Annexation of Balvie
This section needs additional citations for verification. (April 2016)
The Logan family held the neighbouring estate of Balvie from the end of the 14th century for many generations, but by the beginning of the seventeenth century Balvie was acquired by Humphrey, second son of Sir Alexander Colquhoun of Luss. In 1700 Balvie was sold to Robert Campbell, Writer to the Signet in Edinburgh, and it afterwards formed part of the Dougalston estates, which were purchased in 1767 by John Glassford, one of the most successful and respected merchants of his time. John Glassford was succeeded by his son Henry, and after his death in 1819, Balvie was acquired by James Macnair, who sold it to John Campbell Douglas of Mains. Balvie and Mains were then united and the name of Balvie dropped. The lands of Balvie were originally of large extent, but they had been gradually subdivided by sales and otherwise, and at the time of their purchase by the Mains family they were considerably smaller.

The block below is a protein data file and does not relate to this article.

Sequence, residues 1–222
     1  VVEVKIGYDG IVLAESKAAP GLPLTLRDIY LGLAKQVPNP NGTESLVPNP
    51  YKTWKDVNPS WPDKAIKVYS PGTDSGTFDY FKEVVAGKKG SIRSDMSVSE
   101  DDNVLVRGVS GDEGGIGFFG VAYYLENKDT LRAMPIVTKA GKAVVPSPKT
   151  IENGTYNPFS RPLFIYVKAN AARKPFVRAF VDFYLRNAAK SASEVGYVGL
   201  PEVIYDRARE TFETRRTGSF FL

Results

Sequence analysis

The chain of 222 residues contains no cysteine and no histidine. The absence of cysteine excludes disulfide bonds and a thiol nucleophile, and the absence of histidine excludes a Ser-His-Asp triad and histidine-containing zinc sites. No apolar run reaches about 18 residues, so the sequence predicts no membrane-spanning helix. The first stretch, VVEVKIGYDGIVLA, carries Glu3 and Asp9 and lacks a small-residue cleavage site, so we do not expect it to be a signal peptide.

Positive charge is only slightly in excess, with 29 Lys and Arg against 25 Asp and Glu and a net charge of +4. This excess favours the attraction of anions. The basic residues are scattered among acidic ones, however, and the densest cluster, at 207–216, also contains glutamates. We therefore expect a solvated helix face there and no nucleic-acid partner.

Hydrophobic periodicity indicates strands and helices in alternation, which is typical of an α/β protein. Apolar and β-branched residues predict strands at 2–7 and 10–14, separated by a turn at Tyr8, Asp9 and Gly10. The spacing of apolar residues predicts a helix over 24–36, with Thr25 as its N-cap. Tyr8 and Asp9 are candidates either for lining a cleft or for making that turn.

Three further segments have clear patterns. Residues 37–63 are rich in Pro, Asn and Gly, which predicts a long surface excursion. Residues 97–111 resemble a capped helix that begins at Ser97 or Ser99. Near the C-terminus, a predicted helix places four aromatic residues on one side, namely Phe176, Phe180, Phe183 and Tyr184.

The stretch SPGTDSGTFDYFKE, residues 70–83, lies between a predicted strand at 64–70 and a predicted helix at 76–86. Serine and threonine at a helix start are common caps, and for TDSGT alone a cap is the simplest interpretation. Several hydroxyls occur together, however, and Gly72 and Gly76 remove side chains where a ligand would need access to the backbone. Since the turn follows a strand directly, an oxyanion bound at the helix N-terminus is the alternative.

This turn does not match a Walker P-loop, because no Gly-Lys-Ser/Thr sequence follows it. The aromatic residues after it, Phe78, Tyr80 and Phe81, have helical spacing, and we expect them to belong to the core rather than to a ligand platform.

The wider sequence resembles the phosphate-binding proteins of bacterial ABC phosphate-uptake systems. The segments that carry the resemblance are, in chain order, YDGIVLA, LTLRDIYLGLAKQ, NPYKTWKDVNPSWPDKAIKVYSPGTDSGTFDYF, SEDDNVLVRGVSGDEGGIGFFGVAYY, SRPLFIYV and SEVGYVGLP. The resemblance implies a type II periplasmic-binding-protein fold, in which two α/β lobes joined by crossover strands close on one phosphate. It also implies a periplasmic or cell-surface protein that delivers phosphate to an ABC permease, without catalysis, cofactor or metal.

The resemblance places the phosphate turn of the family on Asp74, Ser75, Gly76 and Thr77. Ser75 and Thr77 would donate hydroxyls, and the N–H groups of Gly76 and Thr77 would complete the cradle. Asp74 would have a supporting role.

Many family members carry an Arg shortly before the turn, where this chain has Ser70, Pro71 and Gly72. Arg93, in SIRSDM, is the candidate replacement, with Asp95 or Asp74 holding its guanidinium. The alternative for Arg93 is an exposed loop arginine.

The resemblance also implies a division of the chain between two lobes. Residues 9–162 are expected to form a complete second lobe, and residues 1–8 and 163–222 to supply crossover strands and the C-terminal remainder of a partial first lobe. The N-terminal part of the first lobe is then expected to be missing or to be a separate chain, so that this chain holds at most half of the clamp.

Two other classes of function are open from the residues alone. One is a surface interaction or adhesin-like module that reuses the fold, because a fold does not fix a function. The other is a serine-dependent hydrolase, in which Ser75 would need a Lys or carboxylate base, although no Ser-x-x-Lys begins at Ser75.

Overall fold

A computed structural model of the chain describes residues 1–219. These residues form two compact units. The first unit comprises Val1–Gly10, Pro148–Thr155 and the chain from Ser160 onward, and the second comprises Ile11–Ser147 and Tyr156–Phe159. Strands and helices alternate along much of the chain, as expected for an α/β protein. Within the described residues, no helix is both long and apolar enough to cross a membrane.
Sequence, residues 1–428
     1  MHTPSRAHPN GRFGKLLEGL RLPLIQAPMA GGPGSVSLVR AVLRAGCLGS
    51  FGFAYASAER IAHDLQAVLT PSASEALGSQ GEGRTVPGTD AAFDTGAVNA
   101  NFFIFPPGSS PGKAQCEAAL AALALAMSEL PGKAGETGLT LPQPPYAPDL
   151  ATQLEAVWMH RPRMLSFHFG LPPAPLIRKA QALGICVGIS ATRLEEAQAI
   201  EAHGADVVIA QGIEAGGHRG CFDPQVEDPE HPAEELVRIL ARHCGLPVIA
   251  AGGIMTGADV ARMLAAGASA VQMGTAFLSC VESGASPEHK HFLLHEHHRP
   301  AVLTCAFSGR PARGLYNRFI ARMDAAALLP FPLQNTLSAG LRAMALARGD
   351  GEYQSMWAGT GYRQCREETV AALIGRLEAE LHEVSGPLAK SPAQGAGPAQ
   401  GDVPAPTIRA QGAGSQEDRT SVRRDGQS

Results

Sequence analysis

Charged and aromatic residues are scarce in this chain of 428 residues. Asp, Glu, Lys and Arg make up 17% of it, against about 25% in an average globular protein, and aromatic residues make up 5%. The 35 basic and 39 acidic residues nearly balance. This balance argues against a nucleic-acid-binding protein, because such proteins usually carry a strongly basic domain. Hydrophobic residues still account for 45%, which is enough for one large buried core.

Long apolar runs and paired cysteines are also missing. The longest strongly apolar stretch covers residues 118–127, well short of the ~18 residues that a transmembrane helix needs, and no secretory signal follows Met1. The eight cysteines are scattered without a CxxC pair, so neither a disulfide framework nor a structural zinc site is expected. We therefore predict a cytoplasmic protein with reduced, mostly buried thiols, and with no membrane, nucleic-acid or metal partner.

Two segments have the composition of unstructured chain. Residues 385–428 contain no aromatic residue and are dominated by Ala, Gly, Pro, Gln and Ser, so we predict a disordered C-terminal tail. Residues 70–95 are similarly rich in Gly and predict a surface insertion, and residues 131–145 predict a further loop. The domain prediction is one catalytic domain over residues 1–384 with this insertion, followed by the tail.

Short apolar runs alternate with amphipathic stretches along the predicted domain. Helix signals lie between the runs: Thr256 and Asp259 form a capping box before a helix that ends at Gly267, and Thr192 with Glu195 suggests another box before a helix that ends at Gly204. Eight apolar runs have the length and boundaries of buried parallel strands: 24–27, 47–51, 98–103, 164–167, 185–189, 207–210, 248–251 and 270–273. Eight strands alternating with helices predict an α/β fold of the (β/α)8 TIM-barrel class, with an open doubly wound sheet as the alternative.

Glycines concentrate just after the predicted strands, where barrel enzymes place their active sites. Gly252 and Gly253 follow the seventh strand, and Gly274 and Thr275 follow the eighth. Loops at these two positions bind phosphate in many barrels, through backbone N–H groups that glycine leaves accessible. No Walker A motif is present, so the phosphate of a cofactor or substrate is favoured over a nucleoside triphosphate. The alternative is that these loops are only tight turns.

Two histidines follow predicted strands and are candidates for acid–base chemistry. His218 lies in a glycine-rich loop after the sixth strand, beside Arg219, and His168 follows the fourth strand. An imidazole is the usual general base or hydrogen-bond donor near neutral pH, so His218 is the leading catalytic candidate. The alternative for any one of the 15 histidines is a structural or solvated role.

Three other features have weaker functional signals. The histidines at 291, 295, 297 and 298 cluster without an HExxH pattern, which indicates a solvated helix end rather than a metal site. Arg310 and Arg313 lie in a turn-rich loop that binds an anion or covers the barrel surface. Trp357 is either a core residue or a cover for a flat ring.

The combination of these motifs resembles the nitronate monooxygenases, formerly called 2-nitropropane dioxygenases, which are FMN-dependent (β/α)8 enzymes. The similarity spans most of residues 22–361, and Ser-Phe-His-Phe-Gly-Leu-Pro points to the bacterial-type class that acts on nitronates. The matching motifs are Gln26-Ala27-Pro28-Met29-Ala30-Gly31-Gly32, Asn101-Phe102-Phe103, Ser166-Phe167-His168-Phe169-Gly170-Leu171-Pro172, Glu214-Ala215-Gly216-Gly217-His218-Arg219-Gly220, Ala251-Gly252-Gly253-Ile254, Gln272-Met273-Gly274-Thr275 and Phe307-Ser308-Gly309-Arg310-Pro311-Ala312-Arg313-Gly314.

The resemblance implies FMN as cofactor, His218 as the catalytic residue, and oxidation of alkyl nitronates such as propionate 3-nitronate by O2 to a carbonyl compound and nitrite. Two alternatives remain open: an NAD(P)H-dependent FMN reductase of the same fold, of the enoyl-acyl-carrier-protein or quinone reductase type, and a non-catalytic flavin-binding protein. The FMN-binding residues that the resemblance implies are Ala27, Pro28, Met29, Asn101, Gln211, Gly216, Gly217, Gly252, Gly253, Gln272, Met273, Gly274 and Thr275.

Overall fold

When John Campbell Douglas acquired Balvie, he made the house there the mansion-house of the family, changing its name to Mains, and extended it. He married Helen, daughter of Archibald Bogle of Calderbank, and had at least one son, Archibald Campbell Douglas.
Notable Family members
Matthew Douglas, 7th Laird of Mains
On the orders of the Earl of Lennox (then regent for his grandson James VI), Thomas Crawford of Jordanhill, Matthew Douglas of Mains and John Cunningham of Drumquhassle (proprietor of Killermont) retook Dumbarton Castle from John Fleming on 2 April 1571. An Act of Parliament was passed on 28 August 1571 in favour of "Johnne Cuningham of Drumquhassel, Matho Dowglas of Manys, Captain Thomas Crawford of Jordanhill, and others takeris of the Castell of Dumbartane," discharging them of any criminal or civil liabilities incurred in the recapture of the castle.
Malcolm Douglas, 8th Laird of Mains
Malcolm Douglas of Mains was allegedly involved in an intrigue to recover debts owed to William Ruthven, 1st Earl of Gowrie by nobles in the king's court and to influence the Scottish monarchy. In August 1582 he along with the Earl of Gowrie, The Earl of Angus, and others, participated in the Raid of Ruthven. They captured King James VI and held him prisoner in what is now known as Huntingtower Castle, Perth and Kinross. The King escaped and the Ruthven Raiders were subsequently tried for kidnapping and treason.